This is a repost from July 2007.
While hunting with terriers is an ever-changing, always dynamic day in the field, Kennel Club go-to-ground earthdog trials are normally about as interesting as watching submarine racing.
Hours are spent on the sidelines looking at absolutely nothing, as everything takes place underground and there is no real quarry or actual digging. Bring a chair and a book, and maybe an iPod. It's going to be a long day.
In the video clip, above, we see a valiant attempt to make the slow-moving earthdog trial a visual sport, with an up-and-down earthdog setup, built above-ground, and coupled with a clear plastic side so that the dogs can actually be seen by spectators. I think this rig may have been created for an Animal Planet TV show.
The object of the endeavor is a fox mask at the end of the run.
What is missing here, of course, is even a close approximation of real work; the dog does not have to find the quarry, nor can it get lost underground as there are no side pipes.
The wooden walls are smooth and spacious and present little obstacle to even an over-large dog.
Though there is a constriction point at one point in the pipe, the dog can see what it is up against, and since the barrier is exactly the same as the one it has faced in training, it is not much of a novelty. Even then the dog has to be coaxed to "dig through" the blocking material, which is not real dirt, root and rock but paper excelsior.
Finally, of course, the thing at the end of the pipe is taxidermy and not a live fox, groundhog or raccoon that will lunge, bite, rip a muzzle, snarl, or even bolt.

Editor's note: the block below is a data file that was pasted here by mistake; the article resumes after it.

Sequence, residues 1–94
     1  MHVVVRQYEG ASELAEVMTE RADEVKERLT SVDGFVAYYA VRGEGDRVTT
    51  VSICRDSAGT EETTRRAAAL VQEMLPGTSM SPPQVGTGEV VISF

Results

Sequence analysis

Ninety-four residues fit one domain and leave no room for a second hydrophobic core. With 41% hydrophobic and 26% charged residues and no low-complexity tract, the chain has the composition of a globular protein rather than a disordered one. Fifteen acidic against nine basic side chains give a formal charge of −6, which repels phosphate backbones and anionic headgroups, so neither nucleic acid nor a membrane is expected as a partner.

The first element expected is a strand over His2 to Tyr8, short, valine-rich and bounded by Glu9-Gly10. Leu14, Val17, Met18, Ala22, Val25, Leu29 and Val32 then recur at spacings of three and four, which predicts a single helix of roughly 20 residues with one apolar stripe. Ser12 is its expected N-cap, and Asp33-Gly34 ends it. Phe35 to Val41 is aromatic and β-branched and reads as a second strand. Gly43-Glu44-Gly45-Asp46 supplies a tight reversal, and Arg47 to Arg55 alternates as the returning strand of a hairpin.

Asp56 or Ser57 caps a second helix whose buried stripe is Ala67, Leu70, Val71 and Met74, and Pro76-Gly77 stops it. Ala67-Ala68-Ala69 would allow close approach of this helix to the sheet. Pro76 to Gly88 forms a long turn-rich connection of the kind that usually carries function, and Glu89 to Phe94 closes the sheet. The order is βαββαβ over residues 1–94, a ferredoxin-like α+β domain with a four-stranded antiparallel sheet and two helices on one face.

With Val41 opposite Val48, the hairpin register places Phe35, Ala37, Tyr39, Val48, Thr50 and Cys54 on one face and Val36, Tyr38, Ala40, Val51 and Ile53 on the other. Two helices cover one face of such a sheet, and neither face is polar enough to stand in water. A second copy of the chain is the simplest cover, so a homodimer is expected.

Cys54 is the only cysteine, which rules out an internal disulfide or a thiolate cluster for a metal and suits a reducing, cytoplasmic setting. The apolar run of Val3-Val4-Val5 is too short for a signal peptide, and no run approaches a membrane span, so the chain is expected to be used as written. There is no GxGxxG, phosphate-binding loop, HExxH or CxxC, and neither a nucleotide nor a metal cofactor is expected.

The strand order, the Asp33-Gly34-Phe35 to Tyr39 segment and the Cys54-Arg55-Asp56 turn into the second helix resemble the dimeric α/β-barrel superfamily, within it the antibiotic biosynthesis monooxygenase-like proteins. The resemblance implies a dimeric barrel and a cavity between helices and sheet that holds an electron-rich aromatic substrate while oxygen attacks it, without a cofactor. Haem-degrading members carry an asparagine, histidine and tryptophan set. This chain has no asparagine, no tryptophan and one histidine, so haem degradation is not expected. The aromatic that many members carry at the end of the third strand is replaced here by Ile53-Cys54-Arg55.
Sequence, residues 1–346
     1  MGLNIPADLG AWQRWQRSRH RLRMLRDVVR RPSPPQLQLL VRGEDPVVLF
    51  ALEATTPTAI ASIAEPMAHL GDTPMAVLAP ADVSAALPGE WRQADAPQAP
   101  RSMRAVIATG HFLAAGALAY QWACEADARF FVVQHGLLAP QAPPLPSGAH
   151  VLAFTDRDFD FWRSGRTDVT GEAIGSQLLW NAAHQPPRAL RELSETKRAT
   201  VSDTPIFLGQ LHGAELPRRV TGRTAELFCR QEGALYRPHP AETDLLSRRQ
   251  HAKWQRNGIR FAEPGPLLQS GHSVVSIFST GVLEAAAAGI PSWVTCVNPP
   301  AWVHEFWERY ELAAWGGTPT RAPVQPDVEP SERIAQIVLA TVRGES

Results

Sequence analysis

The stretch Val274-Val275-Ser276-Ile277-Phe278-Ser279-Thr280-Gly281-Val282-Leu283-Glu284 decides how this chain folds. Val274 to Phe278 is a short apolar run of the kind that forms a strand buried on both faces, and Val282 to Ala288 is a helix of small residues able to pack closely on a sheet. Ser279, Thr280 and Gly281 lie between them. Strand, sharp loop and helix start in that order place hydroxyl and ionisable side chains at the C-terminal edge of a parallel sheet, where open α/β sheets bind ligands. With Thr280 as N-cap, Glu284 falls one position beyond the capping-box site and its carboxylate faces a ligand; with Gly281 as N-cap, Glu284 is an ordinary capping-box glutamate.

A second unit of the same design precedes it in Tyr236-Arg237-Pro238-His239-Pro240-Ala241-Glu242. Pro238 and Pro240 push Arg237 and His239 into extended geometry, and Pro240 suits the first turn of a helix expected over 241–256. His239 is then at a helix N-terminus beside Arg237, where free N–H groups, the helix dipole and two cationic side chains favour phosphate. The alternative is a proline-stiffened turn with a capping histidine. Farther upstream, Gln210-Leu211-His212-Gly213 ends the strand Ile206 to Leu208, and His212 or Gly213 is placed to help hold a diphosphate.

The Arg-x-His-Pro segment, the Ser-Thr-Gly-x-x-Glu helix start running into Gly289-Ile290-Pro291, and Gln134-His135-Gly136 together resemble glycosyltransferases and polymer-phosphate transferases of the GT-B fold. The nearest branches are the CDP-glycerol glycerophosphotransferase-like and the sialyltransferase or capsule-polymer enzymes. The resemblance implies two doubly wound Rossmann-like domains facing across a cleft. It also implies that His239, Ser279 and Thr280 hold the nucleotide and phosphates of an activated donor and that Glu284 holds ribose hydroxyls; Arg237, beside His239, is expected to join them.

This is a habit-trail for dogs, same as pet stores sell for hamsters.
I used to think go-to-ground trials did no harm and might even do some good if they drew people into the real world of terrier work, but I am no longer sure. This "see through" trial is even easier than a regular go-to-ground set up, and is pretty far from real terrier work.
There is really no way to "fix" these earthdog trials with better design. The reason for this is simple: the dog has to get through the trial in a few minutes so that the next pay-to-play contestant can step up in an orderly matter. Nor can the test be too hard, or folks won't drive hours to collect their ribbon. Nor can people be asked to carry tools or do any actual digging as many of the human contestants seeking ribbons are in such poor physical shape that crossing a gravel parking lot is considered a journey.
How many people think these earthdog trials are a close approximation of real hunting? Most think that, I can tell you!
That said, if they get even a few people out in the world of digging ... well, there is some small hope of that, I suppose.